Not pounds and pence - here's a different way to measure our wealth
How do you measure the value and success of the economy?
Traditionally, by reporting on gross domestic product - the amount an economy produces of goods like cars and services like tourism.
But, since the financial crisis that measure has been questioned.
It can go up - showing growth - while at the same time people's actual incomes are going down.
Which has left people wondering if the economy is really working for them.
Another way to measure economic success was launched today by the World Bank.
Its Human Capital Index ranks countries according to how much is invested in young people.
The higher the investment in education and health the more productive and higher earning the workforce tends to be, the World Bank says.
Which leads to the creation of higher levels of wealth and a stronger economy.
Its rankings reveal that Asian countries dominate the top positions.
First is Singapore, followed by South Korea, Japan and Hong Kong.
Finland and Ireland are fifth and sixth, with the UK in 15th place, below Germany but ahead of France, Norway and Switzerland.
The bottom of the list is dominated by countries in Africa, where human capital scores are a third of those enjoyed by leading nations.
Chad, South Sudan and Niger are the bottom three countries.
For 157 countries the World Bank studied the quantity and quality of education provided to children, the mortality rate for under-5s, the "rate of stunting" among young people (a measure of how healthy children are) and the chances of someone living to 60 by the time they reach 15-years-of-age (the "adult survival rate").
Bringing the data together produced a score between 0 and 1, where zero would mean all children died before reaching education age and 1 would be all children receiving the perfect education and health start in life.
Singapore scored 0.88 and the UK scored 0.78.
Chad's index was 0.29.
What is striking is that even a country with a relatively high score like the UK could still achieve 22% more wealth from its workforce if it improved its focus on health, education and skills training among the young.
A country with a score of 0.5 - for example, Tunisia and Kenya - could potentially double wealth creation.
Dr Jim Kim, the president of the World Bank, said that countries needed to "invest more, and more effectively, in their people".
It wasn't always the quantity of investment that was important, the quality was as well, he said - pointing out that some countries, rather than taking responsibility, had been "waiting for donations [to help education and health schemes] rather than taking it seriously".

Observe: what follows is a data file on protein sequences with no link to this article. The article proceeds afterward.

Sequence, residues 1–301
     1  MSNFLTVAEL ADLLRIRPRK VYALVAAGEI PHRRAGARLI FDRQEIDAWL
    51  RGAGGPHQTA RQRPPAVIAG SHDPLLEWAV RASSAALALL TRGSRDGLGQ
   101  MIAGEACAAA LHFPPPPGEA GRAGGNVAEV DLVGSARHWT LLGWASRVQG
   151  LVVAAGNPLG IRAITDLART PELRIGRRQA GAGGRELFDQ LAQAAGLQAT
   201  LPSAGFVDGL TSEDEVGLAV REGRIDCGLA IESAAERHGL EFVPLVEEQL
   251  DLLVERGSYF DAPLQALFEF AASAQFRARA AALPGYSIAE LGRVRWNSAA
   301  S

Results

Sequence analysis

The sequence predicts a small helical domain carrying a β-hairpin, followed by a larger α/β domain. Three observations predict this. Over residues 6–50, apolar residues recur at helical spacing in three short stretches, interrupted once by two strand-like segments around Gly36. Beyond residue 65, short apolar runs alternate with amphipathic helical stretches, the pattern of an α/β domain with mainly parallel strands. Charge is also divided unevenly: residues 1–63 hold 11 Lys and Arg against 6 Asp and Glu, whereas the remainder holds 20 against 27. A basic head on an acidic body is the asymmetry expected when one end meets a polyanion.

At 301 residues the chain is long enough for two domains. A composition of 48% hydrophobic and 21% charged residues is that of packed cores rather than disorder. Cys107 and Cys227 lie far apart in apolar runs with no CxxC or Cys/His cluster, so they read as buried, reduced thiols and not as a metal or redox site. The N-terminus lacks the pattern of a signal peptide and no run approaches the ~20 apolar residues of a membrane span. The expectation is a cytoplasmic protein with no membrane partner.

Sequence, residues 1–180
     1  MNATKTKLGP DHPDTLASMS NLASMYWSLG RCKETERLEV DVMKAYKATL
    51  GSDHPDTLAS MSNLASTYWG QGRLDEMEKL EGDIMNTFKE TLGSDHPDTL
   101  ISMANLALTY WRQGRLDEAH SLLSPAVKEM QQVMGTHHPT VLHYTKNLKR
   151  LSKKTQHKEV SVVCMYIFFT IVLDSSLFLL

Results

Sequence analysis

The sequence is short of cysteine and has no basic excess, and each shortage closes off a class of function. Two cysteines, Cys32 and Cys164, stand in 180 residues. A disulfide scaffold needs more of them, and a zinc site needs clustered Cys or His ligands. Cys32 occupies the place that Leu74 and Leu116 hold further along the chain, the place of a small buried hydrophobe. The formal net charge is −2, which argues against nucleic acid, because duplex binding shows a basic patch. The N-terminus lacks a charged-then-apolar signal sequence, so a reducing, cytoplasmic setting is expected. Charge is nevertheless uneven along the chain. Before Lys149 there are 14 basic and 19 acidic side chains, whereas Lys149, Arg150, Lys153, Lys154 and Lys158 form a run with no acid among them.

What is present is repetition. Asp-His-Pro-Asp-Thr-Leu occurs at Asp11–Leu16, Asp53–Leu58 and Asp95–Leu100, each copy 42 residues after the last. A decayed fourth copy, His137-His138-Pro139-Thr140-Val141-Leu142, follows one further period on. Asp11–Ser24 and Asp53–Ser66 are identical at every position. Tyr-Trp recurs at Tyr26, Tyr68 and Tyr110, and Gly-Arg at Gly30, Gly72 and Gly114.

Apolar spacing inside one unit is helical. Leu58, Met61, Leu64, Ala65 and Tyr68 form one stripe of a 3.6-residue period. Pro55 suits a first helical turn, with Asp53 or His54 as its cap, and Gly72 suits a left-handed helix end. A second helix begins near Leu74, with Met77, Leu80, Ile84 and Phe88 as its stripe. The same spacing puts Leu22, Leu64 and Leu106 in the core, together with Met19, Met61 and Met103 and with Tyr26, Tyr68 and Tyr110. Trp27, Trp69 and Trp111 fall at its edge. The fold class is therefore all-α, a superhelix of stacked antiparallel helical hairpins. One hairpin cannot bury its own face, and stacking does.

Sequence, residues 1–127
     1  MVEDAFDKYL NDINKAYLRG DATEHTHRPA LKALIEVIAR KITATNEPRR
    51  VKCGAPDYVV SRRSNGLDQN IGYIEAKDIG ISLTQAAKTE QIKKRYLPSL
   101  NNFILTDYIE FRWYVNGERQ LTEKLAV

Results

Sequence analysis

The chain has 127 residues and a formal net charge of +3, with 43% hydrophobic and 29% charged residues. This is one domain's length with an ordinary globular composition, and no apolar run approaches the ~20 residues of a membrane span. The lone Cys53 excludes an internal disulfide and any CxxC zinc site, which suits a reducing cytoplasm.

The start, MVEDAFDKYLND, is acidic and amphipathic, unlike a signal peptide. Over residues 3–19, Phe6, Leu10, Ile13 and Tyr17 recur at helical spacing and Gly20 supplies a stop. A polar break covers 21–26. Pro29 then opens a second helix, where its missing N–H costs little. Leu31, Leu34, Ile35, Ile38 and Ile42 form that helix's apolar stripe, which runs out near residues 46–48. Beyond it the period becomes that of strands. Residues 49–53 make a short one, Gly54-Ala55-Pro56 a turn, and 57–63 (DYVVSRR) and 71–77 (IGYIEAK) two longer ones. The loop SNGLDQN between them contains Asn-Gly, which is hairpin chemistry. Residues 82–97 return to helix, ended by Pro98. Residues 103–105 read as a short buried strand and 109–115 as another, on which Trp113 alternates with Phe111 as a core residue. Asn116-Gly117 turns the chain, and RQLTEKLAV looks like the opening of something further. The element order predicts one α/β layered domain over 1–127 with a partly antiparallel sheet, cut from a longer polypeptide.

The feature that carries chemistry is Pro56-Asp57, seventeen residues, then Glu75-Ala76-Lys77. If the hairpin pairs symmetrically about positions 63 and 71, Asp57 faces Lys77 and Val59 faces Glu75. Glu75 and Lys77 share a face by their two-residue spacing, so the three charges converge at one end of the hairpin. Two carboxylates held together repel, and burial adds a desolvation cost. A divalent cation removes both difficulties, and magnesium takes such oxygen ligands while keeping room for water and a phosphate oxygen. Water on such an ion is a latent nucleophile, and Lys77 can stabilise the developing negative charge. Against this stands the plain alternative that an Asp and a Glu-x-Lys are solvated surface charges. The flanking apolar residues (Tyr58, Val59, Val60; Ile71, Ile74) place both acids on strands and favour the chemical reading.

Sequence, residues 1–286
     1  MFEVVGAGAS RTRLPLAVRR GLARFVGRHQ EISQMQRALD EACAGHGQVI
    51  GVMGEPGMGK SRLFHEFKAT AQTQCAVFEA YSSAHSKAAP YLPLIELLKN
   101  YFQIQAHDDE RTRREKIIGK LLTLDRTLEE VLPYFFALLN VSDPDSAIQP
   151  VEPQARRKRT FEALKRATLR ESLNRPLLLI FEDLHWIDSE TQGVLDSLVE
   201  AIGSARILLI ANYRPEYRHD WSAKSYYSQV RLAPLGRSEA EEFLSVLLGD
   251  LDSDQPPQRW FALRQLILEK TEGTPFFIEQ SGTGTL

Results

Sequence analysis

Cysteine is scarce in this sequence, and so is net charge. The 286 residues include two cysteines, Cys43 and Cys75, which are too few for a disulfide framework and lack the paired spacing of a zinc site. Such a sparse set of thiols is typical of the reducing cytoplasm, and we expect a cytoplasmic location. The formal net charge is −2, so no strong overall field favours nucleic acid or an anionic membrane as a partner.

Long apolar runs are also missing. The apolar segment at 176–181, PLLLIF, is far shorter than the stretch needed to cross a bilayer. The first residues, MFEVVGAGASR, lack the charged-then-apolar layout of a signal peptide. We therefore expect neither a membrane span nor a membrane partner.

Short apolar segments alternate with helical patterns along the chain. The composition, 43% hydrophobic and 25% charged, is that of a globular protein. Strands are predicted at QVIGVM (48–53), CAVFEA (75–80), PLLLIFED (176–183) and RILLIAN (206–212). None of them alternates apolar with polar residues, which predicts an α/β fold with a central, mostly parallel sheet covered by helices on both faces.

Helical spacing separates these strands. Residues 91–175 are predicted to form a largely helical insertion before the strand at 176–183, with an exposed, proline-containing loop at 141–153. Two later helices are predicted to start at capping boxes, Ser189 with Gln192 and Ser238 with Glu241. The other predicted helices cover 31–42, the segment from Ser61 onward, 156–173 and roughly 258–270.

He said that he had raised the issue with the lead singer of U2, Bono, who has long campaigned for donations to charitable schemes.
Dr Kim said there was a danger of nations being too supply driven - putting more money into health and education schemes - rather than output driven - seeing what works and focusing on successful policies.
He said that some countries like South Korea spent lower amounts on education as a proportion of their overall income, but still beat higher spending countries on outcome scores.
"Human capital consists of the knowledge, skills and health that people accumulate over their lives, enabling them to realize their potential as productive members of society," the World Bank report, published at the IMF annual meeting in Bali, said.
"It has large payoffs for individuals, societies, and countries."
The report points out that during periods dominated by technological change, such as now with the growth of artificial intelligence, investment in "human capital" and problem solving skills is particularly important.
"For individuals, an additional year of school generates higher earnings on average," the report says.
"These returns are large in low and middle-income countries, especially for women.
"What children learn matters more than how long they stay in school.
"In the US, replacing a low-quality teacher in an elementary school classroom with an average-quality teacher raises the combined lifetime income of that classroom's students by $250,000 [£190,000]."
The report points out how some governments are keen to invest in projects that are quickly visible to voters, such as motorways, rather than think longer term.
But it points out that with policies sustained over a number of decades progress can be made.
In 1950, the average adult in Singapore had completed just two years of education.
Now the country has some of the best education results in the world and is top of the first Human Capital Index.